• create offering models for key accounts, engaging cross-company or beyond as required, to deliver real business value propositions;
• build appropriate relationships at senior levels across customer, partners and own business and communicate effectively;
• develop clear commercial strategies that create a true ‘win-win’ for all parties;
• manage conflict at all levels, driving through acceptable outcomes for all parties;
• deploy effective negotiating and selling strategies in the key account and internally, using other resources as required to achieve outcomes.
The role of an Account Manager is to engage at C suite level to proactively retain and develop existing client relationships and income from a portfolio of significant clients, and also to develop and grow new client relationships. An Account Manager is expected to manage a client portfolio in order to maximise the long-term mutual value of the relationship for both parties.
Account Managers build strong relationships with clients by providing them with prompt and knowledgeable support and guidance, becoming the go-to resource and their primary point of contact within the company.
The role involves the ability to identify, define and present propositions that provide mutual benefit to senior management, both in the client and in the Account Manager’s own company, as well as having the ability to understand and drive towards the achievement of pre-defined Key Performance Indicators (KPIs). Skills and experience in managing projects, campaigns, co-ordination of team members, developing timelines and setting deadlines in order to achieve client and own-company objectives are also required.
Abilities to look out for:
Candidates for an Account Manager role will require an above-average set of skills including specifically the ability to do the following:
• Quickly gain an understanding of a client account, whether existing or new, identifying the way they work, what they expect from the company and what opportunities exist in the client for the company’s offerings.
• Align the company’s KPIs against the client’s expectations and needs and develop a structured account plan to achieve all goals and targets.
• Establish close relationships with client stakeholders and own company stakeholders, communicating goals, objectives and timelines clearly.
• Proactively seek to grow the business within each client, whether existing or new, for mutual benefit.
• Manage expectations of all stakeholders using highly developed communication, listening, questioning and reporting skills.
• Be able to analyse results, explain variances and update account plans, in accordance with changing conditions found at any time.
• Develop and manage project and sales plans to exceed all targets, whilst concurrently improving customer satisfaction.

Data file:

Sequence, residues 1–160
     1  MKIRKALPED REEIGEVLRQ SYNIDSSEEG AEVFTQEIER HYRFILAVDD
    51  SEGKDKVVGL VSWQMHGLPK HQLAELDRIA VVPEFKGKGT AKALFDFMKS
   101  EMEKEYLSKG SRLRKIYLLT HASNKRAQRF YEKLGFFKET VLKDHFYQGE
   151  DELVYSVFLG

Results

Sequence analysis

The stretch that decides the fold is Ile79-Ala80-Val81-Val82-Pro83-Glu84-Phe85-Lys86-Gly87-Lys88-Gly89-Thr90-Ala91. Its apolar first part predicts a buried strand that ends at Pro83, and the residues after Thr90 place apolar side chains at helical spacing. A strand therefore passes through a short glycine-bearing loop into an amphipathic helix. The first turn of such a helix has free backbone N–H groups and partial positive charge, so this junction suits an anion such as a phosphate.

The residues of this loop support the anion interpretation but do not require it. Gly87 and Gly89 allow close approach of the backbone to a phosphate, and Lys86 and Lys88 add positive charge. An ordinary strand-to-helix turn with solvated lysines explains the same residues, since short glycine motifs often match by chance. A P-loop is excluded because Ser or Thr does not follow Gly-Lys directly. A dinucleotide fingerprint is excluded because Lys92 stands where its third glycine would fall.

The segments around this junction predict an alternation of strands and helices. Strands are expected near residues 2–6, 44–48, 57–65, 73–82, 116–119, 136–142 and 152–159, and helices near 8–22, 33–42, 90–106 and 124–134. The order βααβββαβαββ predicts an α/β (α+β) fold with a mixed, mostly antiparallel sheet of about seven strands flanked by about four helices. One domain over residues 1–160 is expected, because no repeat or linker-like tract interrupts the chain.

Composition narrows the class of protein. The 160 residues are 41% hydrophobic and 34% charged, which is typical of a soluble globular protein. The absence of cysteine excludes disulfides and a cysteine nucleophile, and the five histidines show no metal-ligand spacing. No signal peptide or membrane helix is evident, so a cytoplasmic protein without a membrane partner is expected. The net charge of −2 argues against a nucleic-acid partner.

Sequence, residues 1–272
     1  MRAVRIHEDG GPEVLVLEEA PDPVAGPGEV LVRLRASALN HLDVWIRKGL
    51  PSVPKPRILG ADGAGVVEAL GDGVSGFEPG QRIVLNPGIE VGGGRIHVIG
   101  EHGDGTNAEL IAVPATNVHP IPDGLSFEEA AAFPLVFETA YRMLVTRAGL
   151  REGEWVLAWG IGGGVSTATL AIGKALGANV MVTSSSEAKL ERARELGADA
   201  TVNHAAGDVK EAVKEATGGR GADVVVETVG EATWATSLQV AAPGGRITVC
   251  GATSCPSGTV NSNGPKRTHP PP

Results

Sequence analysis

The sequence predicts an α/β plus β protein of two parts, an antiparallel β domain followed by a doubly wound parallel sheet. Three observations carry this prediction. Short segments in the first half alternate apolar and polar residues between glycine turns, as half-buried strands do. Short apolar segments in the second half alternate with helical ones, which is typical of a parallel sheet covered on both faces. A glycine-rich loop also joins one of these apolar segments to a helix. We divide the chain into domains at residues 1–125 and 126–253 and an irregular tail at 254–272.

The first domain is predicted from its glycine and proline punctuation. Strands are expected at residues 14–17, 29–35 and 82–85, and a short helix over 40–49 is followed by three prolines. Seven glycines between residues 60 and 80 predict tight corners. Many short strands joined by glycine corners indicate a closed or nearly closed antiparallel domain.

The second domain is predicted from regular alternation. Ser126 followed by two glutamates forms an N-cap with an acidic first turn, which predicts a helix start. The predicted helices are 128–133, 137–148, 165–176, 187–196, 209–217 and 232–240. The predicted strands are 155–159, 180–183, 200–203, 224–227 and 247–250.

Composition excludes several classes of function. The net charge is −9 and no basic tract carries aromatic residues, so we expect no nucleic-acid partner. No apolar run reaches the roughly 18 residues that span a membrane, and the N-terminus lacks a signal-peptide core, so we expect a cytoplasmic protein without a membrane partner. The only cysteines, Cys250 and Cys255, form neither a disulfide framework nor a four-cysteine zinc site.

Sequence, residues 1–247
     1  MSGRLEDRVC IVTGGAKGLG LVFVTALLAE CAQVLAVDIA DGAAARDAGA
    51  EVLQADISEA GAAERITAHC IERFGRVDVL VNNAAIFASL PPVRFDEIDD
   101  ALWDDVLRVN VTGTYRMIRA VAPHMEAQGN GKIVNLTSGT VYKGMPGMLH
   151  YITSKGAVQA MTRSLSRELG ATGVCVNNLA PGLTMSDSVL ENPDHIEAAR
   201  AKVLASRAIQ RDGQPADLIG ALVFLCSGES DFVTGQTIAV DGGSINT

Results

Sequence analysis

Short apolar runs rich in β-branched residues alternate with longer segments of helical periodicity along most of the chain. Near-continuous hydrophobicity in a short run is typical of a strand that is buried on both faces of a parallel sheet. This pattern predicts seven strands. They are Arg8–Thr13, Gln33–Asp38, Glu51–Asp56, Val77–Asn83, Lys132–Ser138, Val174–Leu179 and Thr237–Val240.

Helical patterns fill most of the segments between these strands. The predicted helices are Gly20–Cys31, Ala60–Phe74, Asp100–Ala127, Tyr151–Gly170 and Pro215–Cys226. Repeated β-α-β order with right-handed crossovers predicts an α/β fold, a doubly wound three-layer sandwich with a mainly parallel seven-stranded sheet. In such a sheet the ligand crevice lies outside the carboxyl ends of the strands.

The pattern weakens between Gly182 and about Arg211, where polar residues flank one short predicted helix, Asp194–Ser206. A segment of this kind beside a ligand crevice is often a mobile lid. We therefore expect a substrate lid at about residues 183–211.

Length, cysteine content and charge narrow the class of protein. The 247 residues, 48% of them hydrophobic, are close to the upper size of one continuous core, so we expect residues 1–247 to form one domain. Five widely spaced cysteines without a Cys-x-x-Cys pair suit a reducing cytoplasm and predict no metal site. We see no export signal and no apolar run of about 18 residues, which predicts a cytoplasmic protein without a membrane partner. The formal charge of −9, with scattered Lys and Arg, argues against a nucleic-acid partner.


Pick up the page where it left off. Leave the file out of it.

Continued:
• Deal with all aspects of campaigns and campaign management, maximising their impact and optimising the results.
Sales Account Manager
The role of a Sales Account Manager is to proactively retain and develop business across a wide portfolio of typically smaller clients – while also identifying new clients as necessary – with a focus on maximising the revenue from each client. This is achieved by developing appropriate relationships within the client, and finding new and innovative ways to continually enhance the client’s preference to buy from them, rather than from any other source.
Sales Account Managers are typically very proactive, positive and outgoing in nature and will constantly seek new areas of opportunity within existing clients. They will have a very good telephone manner and will also be very personable and persuasive when face to face with clients.
One additional key skill required by Sales Account Managers is the ability to quickly qualify whether a client is a good, ongoing revenue prospect. Where this is not the case, they will need to be able to diplomatically ‘park’ that relationship and fill the revenue void by accurately identifying and targeting new prospects where there is a better return available.
Abilities to look out for:
Candidates for a Sales Account Manager role require above-average qualification skills and will also be very capable of positively engaging clients both over the phone and face to face. The skills required for the role include the ability to:
• quickly gain an understanding of a client account, whether existing or new, identifying the way they work, what they expect from the company and, what opportunities exist in the client for the company’s offerings;
• align the company’s offerings to the client’s needs and qualify the scope of the potential opportunity base within the client;
• establish close relationships with relevant client stakeholders, communicating goals, objectives and timelines clearly both to the client and internally;
• proactively seek to grow the business within each client, whether existing or new, for mutual benefit;
• manage expectations of all stakeholders using highly developed communication, listening, questioning and reporting skills;
• build an emotional bond with the client ensuring they develop a ‘fondness’ for the company and offerings, which will drive a preference to buy from you;
• develop and manage documented plans to exceed all targets, whilst concurrently improving customer satisfaction;
• deal effectively with all leads, whether from marketing campaigns or other sources, maximising their value and optimising the results.